Between the last release and this one, I released very little. Most of 2005 was spent adjusting to the college life. You know, being in a dorm, paying for things myself, and living the life.
I found that I had very little time, and very little creative juices left. Ritual of Forbidden Blood and Broadcast Pink Seeds (World Love) were the only two songs I made during this time. When 2006 rolled around, I had found out about this genre of music called “noise” and about this guy named John Cage.
All I had listened to was Merzbow and a gaggle of other Japanese noise artists (which are still my favorite.) In one of my classes, we watched a documentary about John Cage. All the talk of indeterminacy inspired me. The less I cared and the more nature took its grip over my music, the better.
The explication behind Cage’s 4’33 got my gears going. 4 minutes of breaks and rests written for the piano. The piano wasn’t the music, the crowd’s noises were the music.
That, along with Hantarash’s Yamataka Eye doing a concert where he destroys a building with a backhoe whilst screaming into a microphone opened my eyes to a whole new world of creativity. I also found out about the Dada movement some time along the way. My mind was blown. I finally had my creativity back.
Finally, I came across this article online called The Aesthetics of Failure.
Ever since I was introduced into making music, this is secretly what I wanted to do. I wanted to stop caring. I want to destroy music theory, and rebuild from the ground up. I want to count on mechanical failure instead of viewing them as a bad thing.
One of my favorite quotes from Cage is this:
If something is boring after two minutes, try it for four. If still boring, then eight. Then sixteen. Then thirty-two. Eventually one discovers that it is not boring at all.
It put a new perspective on boredom. I mixed that with my surrealist tendencies, and you have “The Aesthetics of Failure” album.
I remember it clearly, back in high school, someone once told me, “Don’t be offended, but your music is considered noise. It’s a real genre, you should look into it.”
I didn’t really believe him at first, but I’m glad that I naturally found my way down that path.
My favorite track off this album is a tie between Leviathan’s Call (Intro to Joy) and The Serpent’s Return (Ode to Joy.)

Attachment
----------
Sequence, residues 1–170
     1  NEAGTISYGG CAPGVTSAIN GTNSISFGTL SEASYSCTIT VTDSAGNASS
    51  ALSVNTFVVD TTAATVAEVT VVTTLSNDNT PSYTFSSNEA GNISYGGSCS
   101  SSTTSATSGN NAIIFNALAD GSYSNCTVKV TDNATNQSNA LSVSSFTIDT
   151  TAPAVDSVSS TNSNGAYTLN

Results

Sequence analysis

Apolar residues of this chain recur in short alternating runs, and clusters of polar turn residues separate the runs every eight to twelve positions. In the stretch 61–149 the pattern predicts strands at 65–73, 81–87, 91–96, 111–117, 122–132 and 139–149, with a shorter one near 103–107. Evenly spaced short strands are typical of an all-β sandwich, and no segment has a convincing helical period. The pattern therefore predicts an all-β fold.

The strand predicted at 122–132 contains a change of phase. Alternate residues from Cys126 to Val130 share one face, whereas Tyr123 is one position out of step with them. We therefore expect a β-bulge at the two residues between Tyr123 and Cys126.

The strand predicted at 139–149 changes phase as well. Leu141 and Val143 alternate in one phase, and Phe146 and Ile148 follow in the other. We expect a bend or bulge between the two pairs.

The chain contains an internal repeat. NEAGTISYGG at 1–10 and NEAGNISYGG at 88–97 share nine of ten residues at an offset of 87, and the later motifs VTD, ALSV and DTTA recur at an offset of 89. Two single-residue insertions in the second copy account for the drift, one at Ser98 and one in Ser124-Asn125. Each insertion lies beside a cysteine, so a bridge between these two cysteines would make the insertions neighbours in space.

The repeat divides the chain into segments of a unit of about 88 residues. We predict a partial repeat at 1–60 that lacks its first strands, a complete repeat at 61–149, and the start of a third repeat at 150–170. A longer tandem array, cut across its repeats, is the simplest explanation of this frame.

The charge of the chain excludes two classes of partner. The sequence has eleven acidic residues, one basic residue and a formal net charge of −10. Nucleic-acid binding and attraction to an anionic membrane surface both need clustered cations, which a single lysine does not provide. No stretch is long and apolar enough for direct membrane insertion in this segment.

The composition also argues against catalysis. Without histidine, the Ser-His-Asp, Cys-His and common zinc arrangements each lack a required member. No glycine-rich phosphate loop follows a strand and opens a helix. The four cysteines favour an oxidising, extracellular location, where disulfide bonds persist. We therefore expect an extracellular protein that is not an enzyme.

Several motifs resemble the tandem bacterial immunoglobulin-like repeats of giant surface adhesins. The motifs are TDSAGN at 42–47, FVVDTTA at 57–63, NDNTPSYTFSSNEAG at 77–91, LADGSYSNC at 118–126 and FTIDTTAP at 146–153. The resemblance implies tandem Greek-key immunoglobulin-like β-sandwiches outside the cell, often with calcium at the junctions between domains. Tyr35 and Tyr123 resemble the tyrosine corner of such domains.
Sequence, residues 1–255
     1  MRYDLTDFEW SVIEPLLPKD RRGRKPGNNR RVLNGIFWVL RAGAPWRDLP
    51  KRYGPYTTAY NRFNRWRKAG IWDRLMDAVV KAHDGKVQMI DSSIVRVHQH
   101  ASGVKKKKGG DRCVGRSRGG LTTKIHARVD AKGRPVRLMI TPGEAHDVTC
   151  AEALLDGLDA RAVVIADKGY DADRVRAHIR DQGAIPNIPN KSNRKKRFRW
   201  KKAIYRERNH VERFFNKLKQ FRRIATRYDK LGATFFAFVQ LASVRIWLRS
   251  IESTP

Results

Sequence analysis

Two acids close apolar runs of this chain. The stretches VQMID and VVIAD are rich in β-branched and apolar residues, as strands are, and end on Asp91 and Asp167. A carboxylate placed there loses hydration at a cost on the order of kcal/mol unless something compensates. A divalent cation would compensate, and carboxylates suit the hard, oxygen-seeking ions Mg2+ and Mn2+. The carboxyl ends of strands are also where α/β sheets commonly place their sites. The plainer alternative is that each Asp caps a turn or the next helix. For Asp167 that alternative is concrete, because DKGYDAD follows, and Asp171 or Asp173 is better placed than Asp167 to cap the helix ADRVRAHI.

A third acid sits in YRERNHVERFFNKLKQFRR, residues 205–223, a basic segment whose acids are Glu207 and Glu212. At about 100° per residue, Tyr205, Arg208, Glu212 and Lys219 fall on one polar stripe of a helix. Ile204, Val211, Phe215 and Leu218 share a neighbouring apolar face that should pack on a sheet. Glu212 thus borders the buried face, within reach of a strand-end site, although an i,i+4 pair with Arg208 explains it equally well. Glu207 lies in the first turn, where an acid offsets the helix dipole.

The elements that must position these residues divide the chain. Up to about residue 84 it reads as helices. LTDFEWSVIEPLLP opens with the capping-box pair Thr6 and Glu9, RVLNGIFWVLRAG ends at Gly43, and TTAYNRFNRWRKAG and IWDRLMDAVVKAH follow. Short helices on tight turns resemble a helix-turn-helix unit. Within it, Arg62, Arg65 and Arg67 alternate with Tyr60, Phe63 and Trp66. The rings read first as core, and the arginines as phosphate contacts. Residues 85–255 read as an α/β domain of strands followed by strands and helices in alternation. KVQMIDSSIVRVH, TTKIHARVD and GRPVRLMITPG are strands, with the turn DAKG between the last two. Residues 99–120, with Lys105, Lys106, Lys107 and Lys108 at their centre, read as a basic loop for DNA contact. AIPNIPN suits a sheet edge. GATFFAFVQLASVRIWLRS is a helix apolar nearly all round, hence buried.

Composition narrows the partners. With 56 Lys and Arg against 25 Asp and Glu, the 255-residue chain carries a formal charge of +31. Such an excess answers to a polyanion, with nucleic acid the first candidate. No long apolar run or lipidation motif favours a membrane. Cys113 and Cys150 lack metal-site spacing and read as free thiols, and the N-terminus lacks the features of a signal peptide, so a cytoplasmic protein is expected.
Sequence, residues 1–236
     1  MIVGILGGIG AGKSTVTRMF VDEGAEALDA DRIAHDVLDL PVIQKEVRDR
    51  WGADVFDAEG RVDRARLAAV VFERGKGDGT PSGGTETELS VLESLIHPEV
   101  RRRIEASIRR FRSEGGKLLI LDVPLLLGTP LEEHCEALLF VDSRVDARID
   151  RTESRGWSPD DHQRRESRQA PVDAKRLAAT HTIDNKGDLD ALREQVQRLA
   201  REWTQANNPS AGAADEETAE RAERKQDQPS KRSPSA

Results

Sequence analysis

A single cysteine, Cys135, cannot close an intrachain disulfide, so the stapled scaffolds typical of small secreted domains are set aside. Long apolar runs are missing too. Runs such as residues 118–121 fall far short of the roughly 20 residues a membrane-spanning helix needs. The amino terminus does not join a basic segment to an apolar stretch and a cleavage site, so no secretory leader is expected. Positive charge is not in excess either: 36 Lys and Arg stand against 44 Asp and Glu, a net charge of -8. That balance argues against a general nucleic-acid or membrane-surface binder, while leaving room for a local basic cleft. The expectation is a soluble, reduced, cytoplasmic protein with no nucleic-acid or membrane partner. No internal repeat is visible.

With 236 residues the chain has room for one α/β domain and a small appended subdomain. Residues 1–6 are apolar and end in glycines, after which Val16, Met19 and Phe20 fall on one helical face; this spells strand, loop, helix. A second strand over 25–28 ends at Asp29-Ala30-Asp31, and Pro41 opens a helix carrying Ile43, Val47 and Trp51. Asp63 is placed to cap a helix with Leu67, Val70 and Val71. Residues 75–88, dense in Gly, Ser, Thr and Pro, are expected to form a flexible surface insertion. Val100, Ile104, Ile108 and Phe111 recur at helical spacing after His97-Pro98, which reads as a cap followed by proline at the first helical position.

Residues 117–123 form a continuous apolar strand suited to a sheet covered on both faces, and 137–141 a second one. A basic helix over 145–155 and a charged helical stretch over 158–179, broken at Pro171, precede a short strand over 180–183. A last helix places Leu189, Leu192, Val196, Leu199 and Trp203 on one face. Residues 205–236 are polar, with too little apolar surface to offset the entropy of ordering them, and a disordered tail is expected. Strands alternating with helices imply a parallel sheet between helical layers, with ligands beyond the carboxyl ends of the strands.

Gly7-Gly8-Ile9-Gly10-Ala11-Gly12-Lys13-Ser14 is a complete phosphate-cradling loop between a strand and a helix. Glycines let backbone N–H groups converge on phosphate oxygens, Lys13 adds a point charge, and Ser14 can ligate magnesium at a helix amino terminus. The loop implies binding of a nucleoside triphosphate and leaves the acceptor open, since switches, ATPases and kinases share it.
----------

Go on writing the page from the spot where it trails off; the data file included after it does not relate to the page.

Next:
Both were made on an old keyboard where the pitch shifter was on a knob underneath it. I broke the knob off and had my ex-wife play Ode to Joy while I would mess with the pitch shifter with a small screwdriver. I couldn’t see up under there, but the metal contact would freak out the pitch resulting in awesome sounds. The Serpent’s Return was a mixture of me rolling dice/flipping coins, my ex plucking a viola, computerized synths, and the keyboard from the first one.
After that, was Aeon of Horus which used mostly fruity loops and a bunch of digital guitar amps looped together on my computer. I love that particular style of noise music, but it’s tragic that I make so little of it like that.
A lot of the songs were made on fruity loops back then. These days, you get eyes rolled at you if you admit to that. However, I’ve been making ‘music’ on fruity loops for a very very long time. The only difference is that I’m actually trying to break the software and break my computer while rendering my computer. Granted, it’s harder to do that these days with simple audio rendering. Quad cores and several gigs of ram make that a harder problem to have.
Tristan Tzara’s Toothache was made using nothing but a metronome. Circumcision For The Mute was me recording scissors held against a still spinning CD in an audio player with the latch to always think it’s closed, so it will still spin while the tray is open.
This album will always be looked at fondly by me. It’s relatively amateur, but it was just whatever I felt like making. I never saw a problem. It’s a hobby, and I do what I do.
Next time we’ll have “A Wide-Eyed Fawn” which could almost be seen as an extension or sequel to “The Aesthetics of Failure.”